Researchers are hoping to shed light on how the relationship between people and chickens has developed over the past 8,000 years.


By examining modern and ancient chicken bones and exploring archaeological sites across Europe, a team of anthropologists, archaeologists and geneticists intends to trace the history of chickens.

The study will be led by the University of Bournemouth, but will involve collaborations with the universities of Nottingham, Roehampton, Durham, Leicester and York.


The team will examine when and how rapidly domesticated chickens spread across Europe, and study the history of their exploitation for meat and eggs.

The project will also investigate the ancient and modern cultural significance of the birds in religious rituals and cockfighting.

The interdisciplinary project has been made possible by a £1.94 million grant from the Arts and Humanities Research Council (AHRC) under the Science In Culture Awards Large Grants call.

Dr Richard Thomas from the University of Leicester told historyextra: “Chickens are the most widespread domestic animal on the planet – today there are well over 20 billion worldwide, yet we still know very little about their social and cultural history.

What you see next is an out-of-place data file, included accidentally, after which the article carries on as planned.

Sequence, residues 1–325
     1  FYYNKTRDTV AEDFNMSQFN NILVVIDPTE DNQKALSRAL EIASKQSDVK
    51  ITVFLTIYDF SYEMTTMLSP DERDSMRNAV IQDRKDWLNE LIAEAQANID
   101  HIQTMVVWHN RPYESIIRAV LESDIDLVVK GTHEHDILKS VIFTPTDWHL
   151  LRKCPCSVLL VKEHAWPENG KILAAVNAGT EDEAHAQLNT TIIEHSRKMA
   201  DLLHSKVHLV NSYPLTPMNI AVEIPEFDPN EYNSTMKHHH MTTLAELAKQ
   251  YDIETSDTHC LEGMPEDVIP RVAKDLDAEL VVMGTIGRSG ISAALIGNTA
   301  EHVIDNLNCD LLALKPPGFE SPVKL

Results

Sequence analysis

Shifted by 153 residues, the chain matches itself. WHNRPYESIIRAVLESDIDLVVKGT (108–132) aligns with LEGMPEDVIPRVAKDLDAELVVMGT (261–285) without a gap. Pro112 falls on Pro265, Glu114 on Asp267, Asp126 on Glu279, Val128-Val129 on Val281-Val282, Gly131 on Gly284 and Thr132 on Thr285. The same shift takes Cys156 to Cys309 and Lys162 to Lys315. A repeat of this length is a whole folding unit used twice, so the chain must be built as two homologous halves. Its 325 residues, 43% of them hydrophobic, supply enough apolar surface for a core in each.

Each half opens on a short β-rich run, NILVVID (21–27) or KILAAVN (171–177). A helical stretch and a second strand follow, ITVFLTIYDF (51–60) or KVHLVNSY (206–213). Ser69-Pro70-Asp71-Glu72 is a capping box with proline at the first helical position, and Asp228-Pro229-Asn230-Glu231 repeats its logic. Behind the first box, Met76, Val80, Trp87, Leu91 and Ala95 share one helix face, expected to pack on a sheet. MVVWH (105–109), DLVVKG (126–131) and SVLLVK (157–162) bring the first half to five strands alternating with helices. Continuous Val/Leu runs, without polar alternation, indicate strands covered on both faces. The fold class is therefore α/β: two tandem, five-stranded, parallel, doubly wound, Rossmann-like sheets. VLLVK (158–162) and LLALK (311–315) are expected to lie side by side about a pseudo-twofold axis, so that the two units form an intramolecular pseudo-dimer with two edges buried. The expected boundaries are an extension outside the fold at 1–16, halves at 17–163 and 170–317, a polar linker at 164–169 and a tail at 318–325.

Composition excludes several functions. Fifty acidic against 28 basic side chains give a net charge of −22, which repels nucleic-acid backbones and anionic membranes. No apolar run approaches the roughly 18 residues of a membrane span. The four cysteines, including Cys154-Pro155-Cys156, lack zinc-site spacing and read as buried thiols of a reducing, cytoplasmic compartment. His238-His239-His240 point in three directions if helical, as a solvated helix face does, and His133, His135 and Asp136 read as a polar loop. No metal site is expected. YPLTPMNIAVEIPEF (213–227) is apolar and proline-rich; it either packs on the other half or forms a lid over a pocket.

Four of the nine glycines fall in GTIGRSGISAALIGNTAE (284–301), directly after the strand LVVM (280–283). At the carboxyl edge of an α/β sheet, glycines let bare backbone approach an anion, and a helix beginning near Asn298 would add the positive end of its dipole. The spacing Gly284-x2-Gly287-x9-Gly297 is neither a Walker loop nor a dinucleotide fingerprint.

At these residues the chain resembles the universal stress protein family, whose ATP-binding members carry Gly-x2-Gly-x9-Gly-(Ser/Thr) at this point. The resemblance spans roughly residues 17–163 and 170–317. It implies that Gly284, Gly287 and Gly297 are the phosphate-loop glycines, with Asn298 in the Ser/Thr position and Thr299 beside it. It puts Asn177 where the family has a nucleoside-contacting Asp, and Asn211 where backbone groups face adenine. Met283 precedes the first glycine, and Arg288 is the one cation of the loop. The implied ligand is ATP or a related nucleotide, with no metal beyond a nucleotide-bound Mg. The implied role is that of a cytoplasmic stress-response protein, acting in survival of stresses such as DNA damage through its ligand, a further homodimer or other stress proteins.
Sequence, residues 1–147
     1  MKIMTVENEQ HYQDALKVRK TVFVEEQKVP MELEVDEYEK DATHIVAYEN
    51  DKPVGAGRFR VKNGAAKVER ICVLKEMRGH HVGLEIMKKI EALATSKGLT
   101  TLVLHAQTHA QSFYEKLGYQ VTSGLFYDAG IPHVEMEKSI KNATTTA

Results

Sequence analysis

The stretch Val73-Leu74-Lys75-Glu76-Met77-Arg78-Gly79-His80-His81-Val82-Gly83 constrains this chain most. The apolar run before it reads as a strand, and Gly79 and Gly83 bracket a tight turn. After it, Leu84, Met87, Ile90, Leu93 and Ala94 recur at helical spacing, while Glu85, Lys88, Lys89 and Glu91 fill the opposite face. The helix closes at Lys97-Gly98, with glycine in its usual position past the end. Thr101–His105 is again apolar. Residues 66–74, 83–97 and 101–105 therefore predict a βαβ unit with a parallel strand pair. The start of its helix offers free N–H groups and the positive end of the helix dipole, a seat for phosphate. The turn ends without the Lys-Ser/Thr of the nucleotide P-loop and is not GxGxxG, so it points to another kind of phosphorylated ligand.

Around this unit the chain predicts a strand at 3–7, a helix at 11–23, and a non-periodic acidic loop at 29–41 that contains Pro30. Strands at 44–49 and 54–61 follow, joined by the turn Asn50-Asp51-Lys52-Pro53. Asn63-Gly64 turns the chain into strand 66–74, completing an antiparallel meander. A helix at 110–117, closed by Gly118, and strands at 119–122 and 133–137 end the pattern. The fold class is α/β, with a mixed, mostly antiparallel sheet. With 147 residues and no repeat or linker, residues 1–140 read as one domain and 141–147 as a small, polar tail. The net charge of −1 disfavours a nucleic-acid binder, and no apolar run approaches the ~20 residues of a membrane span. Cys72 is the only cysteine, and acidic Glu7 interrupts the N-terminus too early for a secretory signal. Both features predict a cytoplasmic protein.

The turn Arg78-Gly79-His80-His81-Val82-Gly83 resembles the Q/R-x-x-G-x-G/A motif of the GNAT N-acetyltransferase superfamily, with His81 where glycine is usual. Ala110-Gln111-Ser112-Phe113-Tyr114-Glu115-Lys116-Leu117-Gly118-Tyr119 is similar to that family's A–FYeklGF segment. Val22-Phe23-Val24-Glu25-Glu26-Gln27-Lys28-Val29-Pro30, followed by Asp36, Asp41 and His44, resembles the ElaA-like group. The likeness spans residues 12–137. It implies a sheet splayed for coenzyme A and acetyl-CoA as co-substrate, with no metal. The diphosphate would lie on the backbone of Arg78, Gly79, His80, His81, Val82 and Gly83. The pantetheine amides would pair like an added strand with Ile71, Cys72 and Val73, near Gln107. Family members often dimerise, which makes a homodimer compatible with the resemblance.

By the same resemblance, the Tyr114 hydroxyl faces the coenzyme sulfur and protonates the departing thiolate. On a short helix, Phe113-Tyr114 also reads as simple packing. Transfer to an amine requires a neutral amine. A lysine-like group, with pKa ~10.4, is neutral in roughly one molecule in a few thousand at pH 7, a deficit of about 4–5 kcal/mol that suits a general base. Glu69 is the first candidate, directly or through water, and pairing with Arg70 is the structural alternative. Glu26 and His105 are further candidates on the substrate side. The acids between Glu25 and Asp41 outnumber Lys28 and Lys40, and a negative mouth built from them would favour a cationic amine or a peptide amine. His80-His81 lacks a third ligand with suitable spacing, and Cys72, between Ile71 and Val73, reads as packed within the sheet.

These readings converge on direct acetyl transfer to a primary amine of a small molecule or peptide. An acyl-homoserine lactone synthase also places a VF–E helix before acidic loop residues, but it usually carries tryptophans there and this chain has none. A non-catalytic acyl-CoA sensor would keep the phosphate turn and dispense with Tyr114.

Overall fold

“Today, our attitudes towards chickens are complex – from the rituals of the roast dinner on Sunday and the convenience of fast food, to named birds kept in backyards and depersonalised industrial units of production.

“Chickens are important: economically, environmentally, culturally and socially – from cultural and religious symbols to disease vectors that could potentially result in a global pandemic.

“The chicken is a jungle bird descended from the wild jungle fowl of south-east Asia, so its universality today is perhaps surprising. We not only want to untangle the story of the chicken, but also show how our perception of this bird has changed through space and time.”


Research is due to get underway in January 2014 and will be completed in 2017, coinciding with The Chinese Year of the Rooster.


Findings will be shared widely, including with poultry breeders and schoolchildren. The results will also form the basis a series of exhibitions in museums throughout the UK making up ‘The Chicken Trail’ that will tell the story of the spread of chicken in Europe.